The ACLU's FOIA request can be found here: www.aclu.org/national-security/predator-drone-foia-request



READER COMMENTS: "ACLU files lawsuit for information on US Predator program"

Posted by Bill Roggio at March 16, 2010 10:42 PM ET:

This is your warning. Keep the comments civil. Any violations will be deleted without warning.

Posted by Neo at March 16, 2010 10:49 PM ET:

Predictable.

Posted by NS at March 17, 2010 10:10 AM ET:

I hope that this goes all the way to the Supreme Court so that this request is denied - what ever your politics may be, this CLEARLY falls under the war powers of an executive - these decisions (including how much collateral damage is deemed as acceptable) are not made callously - and the whole bogey of " international law" does not even apply to a situation where you are primarily acting against non state actors.

I can understand Afghan/Pakistani lawyers questioning the legality of their Govt allowing US drone strikes -but the ACLU ??

This is nothing more than faux-moralistic grand standing. And i hope it gets rubbished by the highest court in the land.

Posted by Max at March 17, 2010 11:06 AM ET:

Why am I not surprised? No good deed goes unpunished, it seems.

Posted by Richard Marsden at March 17, 2010 11:17 AM ET:

Who is funding the ACLU? And what are the ACLU attempting to achieve and whom for?

Are they catergorized as friends of the Taliban now?

Surely these jokers should keep themselves to issues not relating to the War against Terror...But then again where there is a fast buck to be earned, expect a lawyer/attorney to be present or very near!

ACLU = America Can Lose U.N

Posted by Bill Baar at March 17, 2010 11:20 AM ET:

I wonder what the alternative is to "targeted killings"....

Posted by Mike at March 17, 2010 1:18 PM ET:

Bill, I suppose the warning up top is partly directed at me. I'll refrain from singling out individual commenters in the future, but I think it would be useful for the ACLU haters who read here to remember that ACLU would defend your right to post ignorant comments about them on message boards, just as they defend our collective right to information regarding the actions of our government.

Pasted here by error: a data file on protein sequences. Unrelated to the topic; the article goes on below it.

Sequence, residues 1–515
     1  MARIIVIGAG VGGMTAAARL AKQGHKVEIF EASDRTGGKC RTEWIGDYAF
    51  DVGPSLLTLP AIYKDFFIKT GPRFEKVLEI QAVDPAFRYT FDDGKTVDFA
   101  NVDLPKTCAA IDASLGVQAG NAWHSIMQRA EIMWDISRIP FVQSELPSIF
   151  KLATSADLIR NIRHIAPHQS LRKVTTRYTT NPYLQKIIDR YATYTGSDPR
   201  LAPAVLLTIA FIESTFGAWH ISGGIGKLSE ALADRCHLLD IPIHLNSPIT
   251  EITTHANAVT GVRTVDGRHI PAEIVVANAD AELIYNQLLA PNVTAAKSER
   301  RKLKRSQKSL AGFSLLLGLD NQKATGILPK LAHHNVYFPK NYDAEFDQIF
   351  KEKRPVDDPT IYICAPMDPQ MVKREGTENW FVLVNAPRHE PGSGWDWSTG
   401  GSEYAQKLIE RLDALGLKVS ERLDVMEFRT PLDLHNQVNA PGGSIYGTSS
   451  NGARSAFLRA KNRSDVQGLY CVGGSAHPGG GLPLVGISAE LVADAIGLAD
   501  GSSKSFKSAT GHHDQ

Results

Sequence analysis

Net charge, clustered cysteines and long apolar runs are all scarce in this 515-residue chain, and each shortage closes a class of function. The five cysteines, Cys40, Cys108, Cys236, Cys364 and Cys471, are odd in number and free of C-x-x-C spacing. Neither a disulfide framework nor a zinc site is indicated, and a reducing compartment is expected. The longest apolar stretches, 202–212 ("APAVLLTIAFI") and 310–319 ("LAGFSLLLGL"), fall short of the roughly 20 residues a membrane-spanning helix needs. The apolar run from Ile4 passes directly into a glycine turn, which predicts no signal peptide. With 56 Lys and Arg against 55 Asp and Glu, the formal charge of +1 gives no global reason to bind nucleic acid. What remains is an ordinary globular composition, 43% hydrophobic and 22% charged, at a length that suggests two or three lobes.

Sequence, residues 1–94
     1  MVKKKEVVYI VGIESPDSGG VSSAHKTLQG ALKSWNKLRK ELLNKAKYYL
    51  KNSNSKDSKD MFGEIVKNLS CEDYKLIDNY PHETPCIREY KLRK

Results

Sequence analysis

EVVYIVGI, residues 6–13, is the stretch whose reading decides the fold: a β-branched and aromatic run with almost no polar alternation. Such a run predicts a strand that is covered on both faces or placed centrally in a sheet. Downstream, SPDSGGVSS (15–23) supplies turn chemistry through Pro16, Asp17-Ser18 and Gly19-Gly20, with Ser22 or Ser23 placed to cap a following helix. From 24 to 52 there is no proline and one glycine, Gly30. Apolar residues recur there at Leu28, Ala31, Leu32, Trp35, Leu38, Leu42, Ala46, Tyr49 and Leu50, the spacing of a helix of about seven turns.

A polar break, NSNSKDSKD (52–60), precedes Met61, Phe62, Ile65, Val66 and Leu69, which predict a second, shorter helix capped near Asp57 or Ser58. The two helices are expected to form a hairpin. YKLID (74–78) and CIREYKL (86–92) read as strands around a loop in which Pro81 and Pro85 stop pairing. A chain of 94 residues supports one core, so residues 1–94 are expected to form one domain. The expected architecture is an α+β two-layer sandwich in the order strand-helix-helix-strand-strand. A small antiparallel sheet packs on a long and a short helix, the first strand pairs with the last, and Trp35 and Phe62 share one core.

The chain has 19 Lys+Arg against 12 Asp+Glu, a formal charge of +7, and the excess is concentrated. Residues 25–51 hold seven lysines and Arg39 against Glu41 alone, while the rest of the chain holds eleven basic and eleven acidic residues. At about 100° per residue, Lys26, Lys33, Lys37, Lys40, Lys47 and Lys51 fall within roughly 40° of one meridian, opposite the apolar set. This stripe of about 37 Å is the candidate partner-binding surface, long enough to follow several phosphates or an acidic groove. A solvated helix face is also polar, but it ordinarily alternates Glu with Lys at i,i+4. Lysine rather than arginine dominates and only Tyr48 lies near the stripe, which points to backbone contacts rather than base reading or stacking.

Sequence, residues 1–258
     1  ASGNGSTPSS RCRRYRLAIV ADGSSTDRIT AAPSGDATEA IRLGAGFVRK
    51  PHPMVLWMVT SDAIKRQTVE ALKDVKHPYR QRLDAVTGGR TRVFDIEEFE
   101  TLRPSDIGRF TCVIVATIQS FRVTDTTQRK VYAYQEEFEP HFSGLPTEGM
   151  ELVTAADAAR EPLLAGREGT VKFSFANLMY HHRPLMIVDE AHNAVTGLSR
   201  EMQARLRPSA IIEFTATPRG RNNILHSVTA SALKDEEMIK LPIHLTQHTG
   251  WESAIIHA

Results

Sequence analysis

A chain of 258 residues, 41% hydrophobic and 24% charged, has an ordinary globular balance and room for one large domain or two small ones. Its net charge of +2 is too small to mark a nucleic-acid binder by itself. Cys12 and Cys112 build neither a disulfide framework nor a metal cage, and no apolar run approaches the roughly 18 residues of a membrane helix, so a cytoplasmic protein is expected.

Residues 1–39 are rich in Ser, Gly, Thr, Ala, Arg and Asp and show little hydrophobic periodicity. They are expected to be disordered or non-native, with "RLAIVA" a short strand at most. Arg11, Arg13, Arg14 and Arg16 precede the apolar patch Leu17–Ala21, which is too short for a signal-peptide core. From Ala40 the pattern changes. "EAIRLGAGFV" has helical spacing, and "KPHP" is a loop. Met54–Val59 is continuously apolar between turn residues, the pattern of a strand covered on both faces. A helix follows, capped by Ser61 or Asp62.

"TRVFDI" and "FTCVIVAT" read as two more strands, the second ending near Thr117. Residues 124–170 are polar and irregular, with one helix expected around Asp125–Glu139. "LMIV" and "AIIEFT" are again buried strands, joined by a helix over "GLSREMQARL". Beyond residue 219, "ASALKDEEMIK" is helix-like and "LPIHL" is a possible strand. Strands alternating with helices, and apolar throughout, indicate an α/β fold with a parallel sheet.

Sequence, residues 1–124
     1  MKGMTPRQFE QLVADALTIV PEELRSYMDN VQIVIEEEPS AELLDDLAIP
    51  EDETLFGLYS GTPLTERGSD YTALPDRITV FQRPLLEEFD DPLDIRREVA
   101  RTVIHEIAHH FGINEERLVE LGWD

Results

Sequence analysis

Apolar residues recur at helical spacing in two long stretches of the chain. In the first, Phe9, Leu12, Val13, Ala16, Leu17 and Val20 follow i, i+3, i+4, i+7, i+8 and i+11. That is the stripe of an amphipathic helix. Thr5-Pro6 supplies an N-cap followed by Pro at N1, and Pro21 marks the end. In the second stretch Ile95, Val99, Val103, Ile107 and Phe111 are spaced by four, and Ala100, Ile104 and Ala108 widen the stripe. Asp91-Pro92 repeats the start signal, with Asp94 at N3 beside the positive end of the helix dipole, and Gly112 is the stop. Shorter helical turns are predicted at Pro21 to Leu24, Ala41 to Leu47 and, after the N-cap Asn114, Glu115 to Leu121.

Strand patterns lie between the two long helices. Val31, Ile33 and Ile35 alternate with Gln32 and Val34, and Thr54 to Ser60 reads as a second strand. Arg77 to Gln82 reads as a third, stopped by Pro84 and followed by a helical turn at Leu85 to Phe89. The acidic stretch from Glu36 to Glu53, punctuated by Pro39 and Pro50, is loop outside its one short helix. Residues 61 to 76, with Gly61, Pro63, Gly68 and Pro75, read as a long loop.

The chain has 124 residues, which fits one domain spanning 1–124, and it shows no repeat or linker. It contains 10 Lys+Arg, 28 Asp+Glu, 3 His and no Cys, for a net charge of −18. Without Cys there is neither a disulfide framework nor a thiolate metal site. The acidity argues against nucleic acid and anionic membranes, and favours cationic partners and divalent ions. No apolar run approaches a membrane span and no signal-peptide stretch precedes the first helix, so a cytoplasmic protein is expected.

Let the courts settle the national security implications of making this knowledge public. But also remember the extremely poor job congress has done in recent years overseeing the activities of the US intelligence apparatus, and the legality thereof, and where that's gotten us.

Posted by My2cents at March 17, 2010 1:28 PM ET:

The ACLU should be forced to create and publish their strategy for winning the war against terrorists. I doubt they have one.

The ACLU members and contributors should then be taxed and drafted to supply the manpower and additional funding to impliment their plan. They should also be informed that in the event of additional deaths of Americans, at home or abroad, by terrorists groups that an equal number of family members, chosen at random, will be executed in order to ensure their motivation in bringing the conflict to an end.

Do not be surprised if there are some sudden changes in attitudes, as the old saying goes "A conservative is a liberal who just got mugged."

Posted by Erik at March 17, 2010 2:31 PM ET:

NS,

International Human Law (IHL) absolutely applies to non-state actors, and, in the this case, is the strongest legal argument we have for our drone war in Pakistan.

You can try use the Laws of Armed Conflict if you want, but you run into slight legal problems when you use it in countries that you haven't declared war on. Thus, previous strikes into places like Yemen and Somalia would be illegal under LOAC, but absolutely permissible under IHL (see the section that talks about a nation's inherent right to self-defense).

You can try and argue that the 'Global War on Terror' is just that, but it's false. We face a hybrid threat that requires both military and civil answers. We're not rolling Bradleys down the streets of Paris, or Prague...that's what the local police are for. And we should, to the best of our ability, not infringe on another nations sovereignty unless absolutely necessary. Otherwise, they might not help us out later when we really need it.